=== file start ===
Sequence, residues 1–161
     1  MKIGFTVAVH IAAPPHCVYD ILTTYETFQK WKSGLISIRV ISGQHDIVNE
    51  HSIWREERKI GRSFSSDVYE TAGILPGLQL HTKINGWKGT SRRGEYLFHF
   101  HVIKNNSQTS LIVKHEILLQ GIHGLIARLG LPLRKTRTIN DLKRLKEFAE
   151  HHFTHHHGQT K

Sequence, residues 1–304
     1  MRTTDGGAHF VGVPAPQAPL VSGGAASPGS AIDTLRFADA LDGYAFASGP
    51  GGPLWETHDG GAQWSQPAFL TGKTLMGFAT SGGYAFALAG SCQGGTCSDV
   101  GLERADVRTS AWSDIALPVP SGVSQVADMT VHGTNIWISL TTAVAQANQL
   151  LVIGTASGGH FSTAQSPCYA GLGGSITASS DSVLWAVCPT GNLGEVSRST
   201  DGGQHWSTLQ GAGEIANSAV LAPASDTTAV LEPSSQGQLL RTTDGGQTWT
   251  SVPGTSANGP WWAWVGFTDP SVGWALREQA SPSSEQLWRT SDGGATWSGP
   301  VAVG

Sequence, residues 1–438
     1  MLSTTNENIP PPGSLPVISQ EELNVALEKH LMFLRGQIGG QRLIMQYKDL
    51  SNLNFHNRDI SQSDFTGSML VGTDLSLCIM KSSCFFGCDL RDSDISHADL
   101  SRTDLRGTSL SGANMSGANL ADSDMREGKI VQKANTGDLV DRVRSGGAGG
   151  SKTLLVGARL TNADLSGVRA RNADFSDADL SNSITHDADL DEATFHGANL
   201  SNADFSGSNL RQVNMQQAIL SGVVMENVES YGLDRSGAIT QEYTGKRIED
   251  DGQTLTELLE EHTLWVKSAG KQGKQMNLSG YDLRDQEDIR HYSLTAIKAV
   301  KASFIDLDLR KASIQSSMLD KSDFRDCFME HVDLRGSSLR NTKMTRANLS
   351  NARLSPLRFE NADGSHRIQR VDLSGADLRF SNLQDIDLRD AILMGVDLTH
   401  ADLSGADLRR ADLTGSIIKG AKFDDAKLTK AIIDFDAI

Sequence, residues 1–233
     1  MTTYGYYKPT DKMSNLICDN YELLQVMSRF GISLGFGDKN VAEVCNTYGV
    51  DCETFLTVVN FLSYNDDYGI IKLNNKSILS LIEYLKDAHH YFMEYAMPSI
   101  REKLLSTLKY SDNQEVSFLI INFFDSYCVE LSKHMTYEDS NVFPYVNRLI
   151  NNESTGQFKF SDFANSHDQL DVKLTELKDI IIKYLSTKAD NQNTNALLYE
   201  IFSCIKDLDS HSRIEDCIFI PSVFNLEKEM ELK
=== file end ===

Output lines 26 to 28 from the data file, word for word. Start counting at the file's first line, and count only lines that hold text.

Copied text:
    51  DCETFLTVVN FLSYNDDYGI IKLNNKSILS LIEYLKDAHH YFMEYAMPSI
   101  REKLLSTLKY SDNQEVSFLI INFFDSYCVE LSKHMTYEDS NVFPYVNRLI
   151  NNESTGQFKF SDFANSHDQL DVKLTELKDI IIKYLSTKAD NQNTNALLYE